Blogtober is done, and now it’s time for Nation Novel Writing Month. Most years, I stop posting to my blog and just focus on getting 50,000 words finished before November 30th. I’m not quite ready to do that, yet.
For starters, I’m probably not doing Nano this year. I can’t work on two first drafts at the same time, and I still haven’t quite finished Synthetic Dreams. Would I have finished if I hadn’t written all those blog posts? Maybe, maybe not. I reached the most difficult part of the book during October, and it took me a while to see my way through to the other side.
I’m over the hump and the words are flowing into that story, so I’m going to remain focused on that. If I manage to finish the first draft by November 7th, I will start Nano on November 8th and see if I can do it. I wrote 50,000 words in 19 days last year, and that story was more challenging than the one I’m looking at next.
I will probably also keep posting here daily while the habit is still with me. I think I’m done doling out writing tips for a while. I’ll probably just talk about what’s going on with my writing, the successes, rejections, and prospects that make up my writing life.
Currently, I’m in a hotel room in Los Angeles. I came down for World Fantasy 2019, and it’s been pretty great so far. I’ve met up with several people I only see once or twice a year.
If you’re doing Nano this year, I want to encourage you! Let me know what you’re working on. Share with me your victories so I can sing your praise! Tell me your dilemmas so I can provide appropriate encouragement, even if that’s just being a listening ear.
I’ve seen some people bashing Nanowrimo on Twitter lately, and I get it. The focus on word count is not necessarily healthy, and producing pages and pages of unprintable garbage isn’t doing anyone favors. These are reasonable criticisms.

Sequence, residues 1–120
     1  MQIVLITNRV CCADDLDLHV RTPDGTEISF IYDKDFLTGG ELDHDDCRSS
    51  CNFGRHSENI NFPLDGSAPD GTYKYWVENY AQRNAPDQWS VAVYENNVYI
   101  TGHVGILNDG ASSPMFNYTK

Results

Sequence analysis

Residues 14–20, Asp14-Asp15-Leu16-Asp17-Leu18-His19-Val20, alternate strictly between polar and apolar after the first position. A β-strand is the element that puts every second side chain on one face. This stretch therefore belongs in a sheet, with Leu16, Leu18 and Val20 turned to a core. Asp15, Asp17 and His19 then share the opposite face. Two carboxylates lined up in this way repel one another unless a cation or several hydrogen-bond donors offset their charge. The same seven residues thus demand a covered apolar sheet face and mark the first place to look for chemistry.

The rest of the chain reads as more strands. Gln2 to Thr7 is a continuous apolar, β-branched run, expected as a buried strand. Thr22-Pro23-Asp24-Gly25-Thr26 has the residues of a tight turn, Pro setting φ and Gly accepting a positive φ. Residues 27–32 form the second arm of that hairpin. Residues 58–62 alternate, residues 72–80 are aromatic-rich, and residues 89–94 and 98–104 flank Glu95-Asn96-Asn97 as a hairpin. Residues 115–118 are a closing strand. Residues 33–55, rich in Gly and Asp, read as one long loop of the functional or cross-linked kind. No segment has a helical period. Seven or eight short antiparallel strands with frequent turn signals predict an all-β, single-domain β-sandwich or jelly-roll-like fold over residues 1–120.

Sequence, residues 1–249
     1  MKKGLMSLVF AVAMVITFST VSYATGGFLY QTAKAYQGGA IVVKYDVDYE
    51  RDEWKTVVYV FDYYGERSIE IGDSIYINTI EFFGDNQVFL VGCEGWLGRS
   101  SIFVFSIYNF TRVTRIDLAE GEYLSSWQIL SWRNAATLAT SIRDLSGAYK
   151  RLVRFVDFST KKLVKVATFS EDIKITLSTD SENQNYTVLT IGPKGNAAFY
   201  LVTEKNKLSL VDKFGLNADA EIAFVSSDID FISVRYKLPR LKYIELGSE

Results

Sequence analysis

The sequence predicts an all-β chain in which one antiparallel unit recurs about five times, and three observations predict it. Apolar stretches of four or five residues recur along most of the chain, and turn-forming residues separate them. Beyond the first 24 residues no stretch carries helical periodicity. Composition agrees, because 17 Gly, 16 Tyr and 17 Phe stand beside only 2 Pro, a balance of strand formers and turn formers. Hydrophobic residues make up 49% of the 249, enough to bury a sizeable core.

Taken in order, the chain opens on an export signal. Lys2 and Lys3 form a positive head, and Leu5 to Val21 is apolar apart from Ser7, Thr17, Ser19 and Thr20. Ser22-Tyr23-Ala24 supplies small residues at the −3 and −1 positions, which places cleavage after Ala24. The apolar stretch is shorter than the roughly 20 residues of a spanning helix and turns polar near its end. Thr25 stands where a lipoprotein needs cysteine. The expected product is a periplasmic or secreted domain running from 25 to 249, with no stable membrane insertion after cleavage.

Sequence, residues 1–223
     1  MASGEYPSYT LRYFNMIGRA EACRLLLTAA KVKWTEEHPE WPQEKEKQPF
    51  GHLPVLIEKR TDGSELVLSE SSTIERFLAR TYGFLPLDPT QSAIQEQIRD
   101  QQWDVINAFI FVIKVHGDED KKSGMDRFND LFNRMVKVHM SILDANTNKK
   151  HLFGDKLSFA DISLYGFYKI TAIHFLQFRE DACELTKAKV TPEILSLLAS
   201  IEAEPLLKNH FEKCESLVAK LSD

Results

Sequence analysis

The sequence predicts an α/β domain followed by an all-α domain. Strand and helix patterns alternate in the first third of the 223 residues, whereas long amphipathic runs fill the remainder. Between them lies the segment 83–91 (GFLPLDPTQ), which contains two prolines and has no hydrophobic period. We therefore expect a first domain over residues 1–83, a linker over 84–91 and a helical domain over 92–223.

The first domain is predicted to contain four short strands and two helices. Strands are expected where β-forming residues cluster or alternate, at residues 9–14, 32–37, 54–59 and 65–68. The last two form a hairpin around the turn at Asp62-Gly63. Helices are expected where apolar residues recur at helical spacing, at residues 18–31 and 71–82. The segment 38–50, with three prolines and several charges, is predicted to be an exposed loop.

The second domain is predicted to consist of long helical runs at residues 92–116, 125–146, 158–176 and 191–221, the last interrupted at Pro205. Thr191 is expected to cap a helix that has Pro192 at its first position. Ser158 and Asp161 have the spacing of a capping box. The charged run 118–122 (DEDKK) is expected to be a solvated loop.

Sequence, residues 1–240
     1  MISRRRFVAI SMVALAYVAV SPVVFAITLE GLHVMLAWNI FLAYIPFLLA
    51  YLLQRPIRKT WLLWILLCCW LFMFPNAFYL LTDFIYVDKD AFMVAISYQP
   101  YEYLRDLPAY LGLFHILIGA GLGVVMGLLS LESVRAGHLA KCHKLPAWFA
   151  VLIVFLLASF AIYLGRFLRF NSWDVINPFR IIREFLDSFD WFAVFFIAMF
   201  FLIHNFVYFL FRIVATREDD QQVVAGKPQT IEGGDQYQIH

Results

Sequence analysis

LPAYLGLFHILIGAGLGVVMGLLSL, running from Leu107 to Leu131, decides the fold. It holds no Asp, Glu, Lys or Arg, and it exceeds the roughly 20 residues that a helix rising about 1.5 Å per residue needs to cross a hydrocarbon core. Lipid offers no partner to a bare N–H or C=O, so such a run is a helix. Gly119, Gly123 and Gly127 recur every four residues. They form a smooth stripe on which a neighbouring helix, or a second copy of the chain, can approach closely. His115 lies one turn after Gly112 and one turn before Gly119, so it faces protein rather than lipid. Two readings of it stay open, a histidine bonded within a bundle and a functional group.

However, NaNoWriMo for me isn’t just about the word count. For me, it’s an excuse to make writing my top priority for thirty days. It’s also about sharing the experience with the larger writing community, because we are all writers defeating the monster that is the blank page. It’s through NaNoWriMo that I found #WriteFightGIFClub on Twitter, which is still a fantastic online community.
If the word count is stressing you out, let it go. It is just a metric for measuring progress, and since it doesn’t take into consideration the quality of the words being counted, it doesn’t mean that much. If you only write 500 words a day, that’s still incredible, and I celebrate that victory with you. If you write 3000 words a day and it’s all terrible, I also celebrate that victory with you, and I look forward to reading your story once you’ve gone back and taken the time to revise it.
In 2011, after WorldCon in Reno, I decided to take my writing more seriously. Since then, I’ve been doing what I can to make sure that writing is a larger part of my life. I changed jobs, scheduled time, connected with writing communities, and I’ve submitted my work for publication.
NaNoWriMo is usually the one month in the year where I get to pretend I’ve made it, and that I need to write for a purpose. It’s not just a hobby or pastime. I get to pretend that my writing is actually important, and I get to assume a deadline that isn’t just self-imposed.
These are the reasons I enjoy NaNoWriMo. If you are on the fence with participating, you can use my reasons as your own. You have my permission to pretend to be the writer you’ve always wanted to be, even if it’s for only a month.
Good luck, and let the words flow ever in your favor!